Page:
Have you ever gone on a cross-country road trip? Just you, a bag of clothes, and a car?
Have you ever spent extended time alone? On purpose?
A few years ago, I got in my car and started driving west. I’m a creature of comfort. My family is easy to be around. My friends and I have great discussion. I was coaching in a gym that meant so much to me and was a HUGE piece of my development… both as a human, and a coach.
But I needed to break the cycle. I needed to get more UNcomfortable. If I didn’t, I would never grow… at least as much as I expected from myself.
I drove out to Denver, CO from Indy in two days. I stayed at a sketchy hotel on the way out there (there was a sign that said, “Best Western is not responsible if your things are stolen”). I met some Airbnb people and finally saw what mountains look like (this just in: they’re gorgeous). I even went HIKING.
Now that trip… THAT was an experience.
Are you one of those people who likes to do overhead barbell pressing… but has no business pressing a barbell overhead?
How do you get your arms overhead? How do your clients get their arms overhead? Do you have the range of motion to do it safely? Or are you just overloading your back and irritating your shoulders?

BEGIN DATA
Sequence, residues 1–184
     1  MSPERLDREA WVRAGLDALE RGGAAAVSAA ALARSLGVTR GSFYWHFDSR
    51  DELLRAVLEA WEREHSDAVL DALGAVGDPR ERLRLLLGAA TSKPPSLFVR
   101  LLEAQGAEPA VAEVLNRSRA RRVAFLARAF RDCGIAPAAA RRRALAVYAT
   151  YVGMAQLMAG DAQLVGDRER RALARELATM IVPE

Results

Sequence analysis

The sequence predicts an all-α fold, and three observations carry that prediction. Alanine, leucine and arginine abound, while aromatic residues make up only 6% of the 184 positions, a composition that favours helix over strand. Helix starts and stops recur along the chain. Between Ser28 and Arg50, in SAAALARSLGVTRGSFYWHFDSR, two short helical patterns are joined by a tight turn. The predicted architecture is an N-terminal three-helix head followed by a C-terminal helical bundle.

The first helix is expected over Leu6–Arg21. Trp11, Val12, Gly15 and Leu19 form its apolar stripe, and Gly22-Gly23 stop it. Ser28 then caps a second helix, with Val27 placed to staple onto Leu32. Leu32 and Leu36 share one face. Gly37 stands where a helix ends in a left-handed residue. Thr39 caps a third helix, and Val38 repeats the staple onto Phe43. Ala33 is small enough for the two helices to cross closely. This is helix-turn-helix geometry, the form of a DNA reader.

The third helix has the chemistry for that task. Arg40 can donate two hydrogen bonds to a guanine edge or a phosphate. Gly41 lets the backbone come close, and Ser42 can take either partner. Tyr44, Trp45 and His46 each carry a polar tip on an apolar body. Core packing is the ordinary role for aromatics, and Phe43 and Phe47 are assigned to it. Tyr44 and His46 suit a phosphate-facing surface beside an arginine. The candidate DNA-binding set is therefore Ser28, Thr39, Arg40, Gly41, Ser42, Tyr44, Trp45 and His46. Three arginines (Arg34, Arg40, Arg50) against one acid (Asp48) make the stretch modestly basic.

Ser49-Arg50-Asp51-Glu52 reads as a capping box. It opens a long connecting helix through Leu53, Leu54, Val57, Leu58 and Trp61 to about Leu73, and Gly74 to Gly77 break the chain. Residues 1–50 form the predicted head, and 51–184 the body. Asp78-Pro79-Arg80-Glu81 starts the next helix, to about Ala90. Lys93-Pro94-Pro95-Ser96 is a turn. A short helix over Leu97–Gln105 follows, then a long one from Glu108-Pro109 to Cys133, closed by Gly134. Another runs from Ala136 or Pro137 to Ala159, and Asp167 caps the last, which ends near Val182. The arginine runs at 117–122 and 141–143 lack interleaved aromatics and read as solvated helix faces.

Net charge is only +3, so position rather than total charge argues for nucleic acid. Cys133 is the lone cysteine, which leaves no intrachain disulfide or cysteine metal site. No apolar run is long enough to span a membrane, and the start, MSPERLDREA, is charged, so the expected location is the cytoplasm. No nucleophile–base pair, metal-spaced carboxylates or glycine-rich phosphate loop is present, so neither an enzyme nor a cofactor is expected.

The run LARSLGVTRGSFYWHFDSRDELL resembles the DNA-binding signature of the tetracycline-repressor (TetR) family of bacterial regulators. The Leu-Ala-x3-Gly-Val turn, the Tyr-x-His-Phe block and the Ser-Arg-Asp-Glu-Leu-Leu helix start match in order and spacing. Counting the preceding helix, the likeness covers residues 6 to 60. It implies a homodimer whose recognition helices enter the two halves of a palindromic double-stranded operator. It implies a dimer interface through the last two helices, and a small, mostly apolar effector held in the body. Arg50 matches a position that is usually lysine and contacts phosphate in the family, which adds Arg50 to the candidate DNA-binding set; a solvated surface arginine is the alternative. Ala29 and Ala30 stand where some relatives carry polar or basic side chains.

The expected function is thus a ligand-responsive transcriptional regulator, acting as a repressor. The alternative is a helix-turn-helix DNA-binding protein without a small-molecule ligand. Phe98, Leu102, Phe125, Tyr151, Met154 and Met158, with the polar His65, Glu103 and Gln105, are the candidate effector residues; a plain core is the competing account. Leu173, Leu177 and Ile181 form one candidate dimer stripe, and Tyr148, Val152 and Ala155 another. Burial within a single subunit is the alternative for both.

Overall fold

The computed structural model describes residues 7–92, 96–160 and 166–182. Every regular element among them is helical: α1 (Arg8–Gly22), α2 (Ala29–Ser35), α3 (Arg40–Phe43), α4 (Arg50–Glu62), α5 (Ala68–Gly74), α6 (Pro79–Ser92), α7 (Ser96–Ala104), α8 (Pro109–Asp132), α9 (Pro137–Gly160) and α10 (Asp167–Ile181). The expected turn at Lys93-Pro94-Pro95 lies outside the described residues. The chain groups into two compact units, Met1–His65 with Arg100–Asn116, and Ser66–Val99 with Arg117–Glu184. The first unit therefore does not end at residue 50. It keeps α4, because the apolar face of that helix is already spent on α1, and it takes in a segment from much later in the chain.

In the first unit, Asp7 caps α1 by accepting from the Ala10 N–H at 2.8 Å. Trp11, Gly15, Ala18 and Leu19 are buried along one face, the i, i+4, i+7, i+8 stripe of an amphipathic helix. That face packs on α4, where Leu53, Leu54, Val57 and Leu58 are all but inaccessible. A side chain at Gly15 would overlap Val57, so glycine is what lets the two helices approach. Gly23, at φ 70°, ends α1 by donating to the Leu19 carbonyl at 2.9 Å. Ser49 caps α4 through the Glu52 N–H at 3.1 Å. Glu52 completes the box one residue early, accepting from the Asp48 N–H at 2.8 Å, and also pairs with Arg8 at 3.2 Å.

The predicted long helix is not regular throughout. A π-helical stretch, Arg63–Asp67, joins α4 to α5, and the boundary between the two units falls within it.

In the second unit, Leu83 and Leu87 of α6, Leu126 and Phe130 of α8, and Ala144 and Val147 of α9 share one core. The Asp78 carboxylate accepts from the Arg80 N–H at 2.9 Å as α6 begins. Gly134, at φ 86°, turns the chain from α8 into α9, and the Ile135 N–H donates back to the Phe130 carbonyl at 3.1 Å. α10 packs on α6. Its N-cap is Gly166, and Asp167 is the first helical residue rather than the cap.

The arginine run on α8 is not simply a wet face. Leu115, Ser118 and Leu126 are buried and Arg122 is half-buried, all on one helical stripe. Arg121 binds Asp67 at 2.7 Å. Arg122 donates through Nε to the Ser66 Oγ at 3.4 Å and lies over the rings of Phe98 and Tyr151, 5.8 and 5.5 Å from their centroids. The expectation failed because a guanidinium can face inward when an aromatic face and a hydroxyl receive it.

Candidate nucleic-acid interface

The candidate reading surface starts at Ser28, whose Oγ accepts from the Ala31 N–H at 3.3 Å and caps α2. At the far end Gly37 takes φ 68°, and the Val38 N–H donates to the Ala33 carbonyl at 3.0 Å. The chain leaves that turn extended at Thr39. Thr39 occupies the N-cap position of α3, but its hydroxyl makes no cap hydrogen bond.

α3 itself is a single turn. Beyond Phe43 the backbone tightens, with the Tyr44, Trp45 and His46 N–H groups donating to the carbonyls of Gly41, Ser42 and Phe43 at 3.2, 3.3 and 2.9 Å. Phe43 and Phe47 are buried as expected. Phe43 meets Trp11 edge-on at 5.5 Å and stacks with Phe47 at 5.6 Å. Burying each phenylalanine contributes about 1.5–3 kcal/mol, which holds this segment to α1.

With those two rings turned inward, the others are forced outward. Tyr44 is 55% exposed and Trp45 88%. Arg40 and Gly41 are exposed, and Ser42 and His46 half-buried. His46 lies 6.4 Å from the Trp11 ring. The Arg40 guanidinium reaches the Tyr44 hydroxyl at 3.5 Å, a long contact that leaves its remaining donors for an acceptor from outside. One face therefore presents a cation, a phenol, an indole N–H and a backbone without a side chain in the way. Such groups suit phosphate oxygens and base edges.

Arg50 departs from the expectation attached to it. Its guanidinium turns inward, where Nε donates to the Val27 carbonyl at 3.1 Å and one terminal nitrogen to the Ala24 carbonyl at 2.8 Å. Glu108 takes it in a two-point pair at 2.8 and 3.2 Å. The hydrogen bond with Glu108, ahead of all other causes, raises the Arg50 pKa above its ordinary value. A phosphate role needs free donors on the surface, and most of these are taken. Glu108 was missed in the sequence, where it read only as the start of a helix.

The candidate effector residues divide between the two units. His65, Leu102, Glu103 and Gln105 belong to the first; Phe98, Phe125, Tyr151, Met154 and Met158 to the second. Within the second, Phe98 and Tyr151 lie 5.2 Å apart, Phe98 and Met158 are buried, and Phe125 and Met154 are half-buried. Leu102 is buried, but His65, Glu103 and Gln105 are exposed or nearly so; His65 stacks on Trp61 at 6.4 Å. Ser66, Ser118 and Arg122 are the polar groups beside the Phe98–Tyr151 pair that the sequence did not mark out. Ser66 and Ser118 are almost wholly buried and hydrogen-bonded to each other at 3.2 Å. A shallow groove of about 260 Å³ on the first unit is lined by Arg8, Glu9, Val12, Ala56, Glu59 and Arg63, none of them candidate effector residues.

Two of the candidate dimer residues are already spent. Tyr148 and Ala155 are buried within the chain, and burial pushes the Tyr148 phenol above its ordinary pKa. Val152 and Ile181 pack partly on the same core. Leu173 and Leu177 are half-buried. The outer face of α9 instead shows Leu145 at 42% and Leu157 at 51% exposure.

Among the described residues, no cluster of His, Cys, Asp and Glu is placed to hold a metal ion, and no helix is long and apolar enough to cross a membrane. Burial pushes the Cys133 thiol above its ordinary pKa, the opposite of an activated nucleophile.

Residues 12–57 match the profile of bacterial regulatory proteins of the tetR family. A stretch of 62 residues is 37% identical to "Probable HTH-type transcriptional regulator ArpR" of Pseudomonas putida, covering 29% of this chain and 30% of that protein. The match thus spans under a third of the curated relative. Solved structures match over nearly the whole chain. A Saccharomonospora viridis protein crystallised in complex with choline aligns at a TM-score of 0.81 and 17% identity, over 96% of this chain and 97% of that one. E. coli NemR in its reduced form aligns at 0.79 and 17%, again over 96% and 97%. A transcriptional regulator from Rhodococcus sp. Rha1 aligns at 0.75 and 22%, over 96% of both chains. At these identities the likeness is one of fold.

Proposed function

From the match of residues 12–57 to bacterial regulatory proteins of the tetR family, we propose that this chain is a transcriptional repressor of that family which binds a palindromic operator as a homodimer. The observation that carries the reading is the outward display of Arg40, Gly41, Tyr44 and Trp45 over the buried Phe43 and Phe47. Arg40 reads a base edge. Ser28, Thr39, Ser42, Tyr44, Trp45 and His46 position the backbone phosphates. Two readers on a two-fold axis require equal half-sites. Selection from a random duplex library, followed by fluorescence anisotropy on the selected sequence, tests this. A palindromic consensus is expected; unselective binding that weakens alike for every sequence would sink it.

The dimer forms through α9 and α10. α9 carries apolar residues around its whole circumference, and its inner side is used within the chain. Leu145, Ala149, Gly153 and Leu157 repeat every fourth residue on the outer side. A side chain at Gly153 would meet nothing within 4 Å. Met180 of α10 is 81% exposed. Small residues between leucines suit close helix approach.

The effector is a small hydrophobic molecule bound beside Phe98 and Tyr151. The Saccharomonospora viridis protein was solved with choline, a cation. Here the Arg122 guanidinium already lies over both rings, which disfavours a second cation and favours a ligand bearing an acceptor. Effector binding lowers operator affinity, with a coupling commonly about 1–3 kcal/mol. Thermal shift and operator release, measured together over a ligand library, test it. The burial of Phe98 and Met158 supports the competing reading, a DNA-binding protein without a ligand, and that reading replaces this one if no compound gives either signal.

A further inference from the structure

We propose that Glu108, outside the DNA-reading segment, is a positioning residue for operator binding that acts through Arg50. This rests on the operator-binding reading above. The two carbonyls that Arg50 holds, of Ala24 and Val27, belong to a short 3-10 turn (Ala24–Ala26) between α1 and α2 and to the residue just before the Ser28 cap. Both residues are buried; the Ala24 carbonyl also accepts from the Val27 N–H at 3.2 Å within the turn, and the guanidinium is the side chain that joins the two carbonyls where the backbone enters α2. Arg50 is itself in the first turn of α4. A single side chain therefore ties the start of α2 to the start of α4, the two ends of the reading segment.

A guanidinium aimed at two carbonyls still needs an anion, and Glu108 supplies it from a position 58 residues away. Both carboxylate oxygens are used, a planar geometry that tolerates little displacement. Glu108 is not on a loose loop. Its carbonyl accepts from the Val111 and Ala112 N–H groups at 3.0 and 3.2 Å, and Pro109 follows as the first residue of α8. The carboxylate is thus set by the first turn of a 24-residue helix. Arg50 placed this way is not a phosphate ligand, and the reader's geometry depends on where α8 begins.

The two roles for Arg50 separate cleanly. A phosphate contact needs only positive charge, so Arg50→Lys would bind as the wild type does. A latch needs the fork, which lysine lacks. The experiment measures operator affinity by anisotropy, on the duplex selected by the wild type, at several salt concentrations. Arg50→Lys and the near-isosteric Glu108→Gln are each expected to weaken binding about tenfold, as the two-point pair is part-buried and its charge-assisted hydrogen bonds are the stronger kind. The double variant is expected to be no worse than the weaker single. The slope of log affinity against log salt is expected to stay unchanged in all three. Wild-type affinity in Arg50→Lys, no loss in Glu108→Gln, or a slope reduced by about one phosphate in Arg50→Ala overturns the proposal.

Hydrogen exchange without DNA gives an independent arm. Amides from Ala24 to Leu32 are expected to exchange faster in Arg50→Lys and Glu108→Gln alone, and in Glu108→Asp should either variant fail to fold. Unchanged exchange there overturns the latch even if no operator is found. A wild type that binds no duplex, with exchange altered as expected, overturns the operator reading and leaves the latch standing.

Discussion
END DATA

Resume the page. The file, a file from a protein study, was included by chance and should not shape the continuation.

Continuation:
I don’t want to sit here and pretend to tell you that I have the magic answer. It doesn’t work like that.
What I CAN offer you, however, is some insight on some of the things that have seemed to work for me… even the things that are a little counterintuitive.
Today we’ll discuss some things that have helped my clients safely perform overhead work.
Today’s guest post comes from my co-worker and good friend, Tony Giuliano.
Tony is the hardest working dude I know, and a great coach. I’m honored to be able to give you guys this short article he wrote.
This guy wanted to give everyone a quick philosophical tip. And he even talks about a car wreck!
Alright, enough man crushing. Without further ado, I present to you Tony Giuliano.
I recently had a distance client of mine ask me:
What is the goal with the regenerate section?
For those who don’t know, this is in reference to my programs, which I break into seven sections based on what we are trying to accomplish. For example, any foam rolling work you do is always first (though I won’t prescribe it for everyone). After that, we do exercises to “reset” your nervous system. After that, you do a more dynamic warm up to prepare your body for training… you get the idea.
This post is not meant to be thorough and exhaustive, but instead to give you some ideas to help spark your own thinking.